Lanzarote is often likened to a moonscape. Barren, rugged and rocky, the island is peppered with large tarmac roads spearing between valleys that are perfect for cycling. In contrast to Lanzarote’s Canary Island cousins such as Tenerife, there are less long continuous climbs. In fact the ascent of Mt Teide in Tenerife is nothing but 1 long continuous climb whilst you will also spend hours in the saddle climbing in the Masca Valley. Lanzarote is different. The lack of 1 dominant volcano doesn’t mean no climbing, it just means more undulating roads, faster routes and a much more varied type of cycling. Read on to discover 4 of the best cycling routes in Lanzarote to inspire your next cycling adventure.
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Lanzarote’s less mountainous terrain means that the longest unbroken climb is 10km, topping out at a height of just 580m. By contrast Mt Teide tops out at over 2,500m. We’re talking about Tabayesco, an essential cycling route in Lanzarote that you cannot miss. The climb begins as you take a left off the LZ-1 road onto the LZ-207 but we actually recommend riding the small gravel road next to the LZ1 as it’s far more cycling friendly, and then head to the climb on that track. It’s not ideal and can only be ridden with fully pumped tyres (!) but it’s a way of accessing the climb from the east without using the main road. Coming from the west, there’s no such issue.
Once you’re on the road, the gradient kicks in (average of 5%) and you’re pedalling over the Tabayesco Valley. If you look back you’ll see the jagged coastline merging with whitewashed houses and the earthy hillside. Although keep your eyes on the road, as there will be switchbacks to the summit!
Make your way to Tabayesco from Puerto del Carmen, passing through Tias, Masdache and Teguise, which used to be the capital. En route, you’ll have the chance to roam through coastal villages, aloe vera fields and gardens filled with cacti. The LZ-30 road takes you there and back for the middle chunk, with an expansive valley peeling away either side.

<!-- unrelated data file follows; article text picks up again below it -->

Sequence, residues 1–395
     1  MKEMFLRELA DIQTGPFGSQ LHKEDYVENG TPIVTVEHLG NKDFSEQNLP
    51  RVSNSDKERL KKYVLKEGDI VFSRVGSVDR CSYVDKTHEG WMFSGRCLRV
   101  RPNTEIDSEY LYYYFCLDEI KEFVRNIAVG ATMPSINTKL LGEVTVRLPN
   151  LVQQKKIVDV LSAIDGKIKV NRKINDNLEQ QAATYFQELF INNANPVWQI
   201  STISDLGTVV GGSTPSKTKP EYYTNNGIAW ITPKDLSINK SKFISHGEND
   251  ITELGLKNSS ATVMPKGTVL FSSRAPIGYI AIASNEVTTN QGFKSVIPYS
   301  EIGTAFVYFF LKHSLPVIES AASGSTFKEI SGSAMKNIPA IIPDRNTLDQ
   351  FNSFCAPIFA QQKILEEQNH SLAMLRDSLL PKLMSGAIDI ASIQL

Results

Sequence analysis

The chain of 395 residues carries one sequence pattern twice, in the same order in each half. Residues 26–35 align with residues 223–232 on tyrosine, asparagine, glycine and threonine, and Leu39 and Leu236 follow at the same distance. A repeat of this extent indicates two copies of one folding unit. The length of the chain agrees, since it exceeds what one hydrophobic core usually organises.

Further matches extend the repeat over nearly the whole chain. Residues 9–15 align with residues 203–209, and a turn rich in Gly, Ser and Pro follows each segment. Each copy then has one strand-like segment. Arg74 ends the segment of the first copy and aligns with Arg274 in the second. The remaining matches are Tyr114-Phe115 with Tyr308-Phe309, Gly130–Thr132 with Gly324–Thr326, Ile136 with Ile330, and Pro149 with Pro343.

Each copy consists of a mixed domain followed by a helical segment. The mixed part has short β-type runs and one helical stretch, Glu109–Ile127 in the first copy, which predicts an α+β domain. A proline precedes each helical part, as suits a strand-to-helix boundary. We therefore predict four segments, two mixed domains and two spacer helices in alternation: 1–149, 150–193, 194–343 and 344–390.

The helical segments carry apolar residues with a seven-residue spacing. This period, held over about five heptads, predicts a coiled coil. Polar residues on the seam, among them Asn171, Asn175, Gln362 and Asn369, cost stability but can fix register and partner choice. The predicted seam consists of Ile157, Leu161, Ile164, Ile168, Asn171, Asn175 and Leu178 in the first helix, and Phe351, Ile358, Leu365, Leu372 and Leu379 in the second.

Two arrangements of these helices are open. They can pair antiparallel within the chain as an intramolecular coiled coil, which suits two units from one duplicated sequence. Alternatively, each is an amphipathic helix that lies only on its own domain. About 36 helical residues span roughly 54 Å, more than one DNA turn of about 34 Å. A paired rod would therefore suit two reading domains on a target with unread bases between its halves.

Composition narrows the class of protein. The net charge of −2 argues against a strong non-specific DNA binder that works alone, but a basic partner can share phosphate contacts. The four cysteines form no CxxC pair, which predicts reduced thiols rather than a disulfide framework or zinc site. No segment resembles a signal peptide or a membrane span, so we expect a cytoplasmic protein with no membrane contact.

Mirador Del Rio
Take a spin to the Mirador Del Rio, a viewpoint 440m high in the north west of Lanzarote. Here you’ll discover coastal scenery that is truly the best on the island. What used to be a pirate look out and fortress has been transformed into an architecturally artistic panoramic cafe. Once at the summit, spend time admiring epic views of the neighbouring Chinijo Archipelago. Even though the ascent to Mirador Del Rio is only 3km, you’ll be climbing from Haria. Yet it’s still fairly steady at an average gradient of 4.5% for 7km.
As well as from Haria, you can also climb to Mirador Del Rio from Orzola, which is a continuous 10km at 4.5%. However, we recommend the 103km route starting in Puerto del Carmen, then pedalling up to the summit via Teguise. The descent back home is also very picturesque, as you ride along the Eastern coast. Watch the waves crash against the cliffs in what is a rugged and wild section of Lanzarote.
Timanfaya National Park
Although not a strenuous climb, the ascent from Yaiza to the Mountains of Fire is filled with rugged, barren beauty. The 6km of climbing is characterised by volcanic rubble lining the road, where intimidating peaks loom in the distance. You’ll cycle into Timanfaya National Park, the site of Lanzarote’s devastating volcanic eruptions in 1730 that continued for 6 years. Because the average gradient is only 3%, you may find it easier to admire the landscape than on other routes. The climb takes you right through the lava fields and towards La Geria, you will see small vineyards protected by semi circle stones, to protect them against Lanzarote’s buffeting winds.
The central location of this route means that regardless of how far you want to cycle, Timanfaya is easily accessible. Cycle a short 50km loop from Puerto del Carmen through the Los Volcanes Natural Park after Timanfaya, then back through Tegoyo. To contrast, if you’d like a longer ride, consider cycling to La Santa after Timanfaya as well as Mozaga.
The ultimate challenge is The Lap. 180km long and 2700m of climbing zips you around the whole island. From Femes to Timanfaya, to Mirador El Rio, The Lap is a route that covers them all in one. What better place to test your training than Lanzarote’s incredible landscapes and pristine roads?
You can still start in Puerto del Carmen, however whether you do The Lap clockwise or anticlockwise is up to you! The difference in distance and ascent between the two is slight, so it depends which climbs you’d rather tackle as to which way you want to do.
Fancy hitting the saddle in Lanzarote? Give our cycling specialists a call, who can help tailor your cycling holiday to you. Use our handcrafted GPX routes, which include route descriptions and tips, or join guided rides.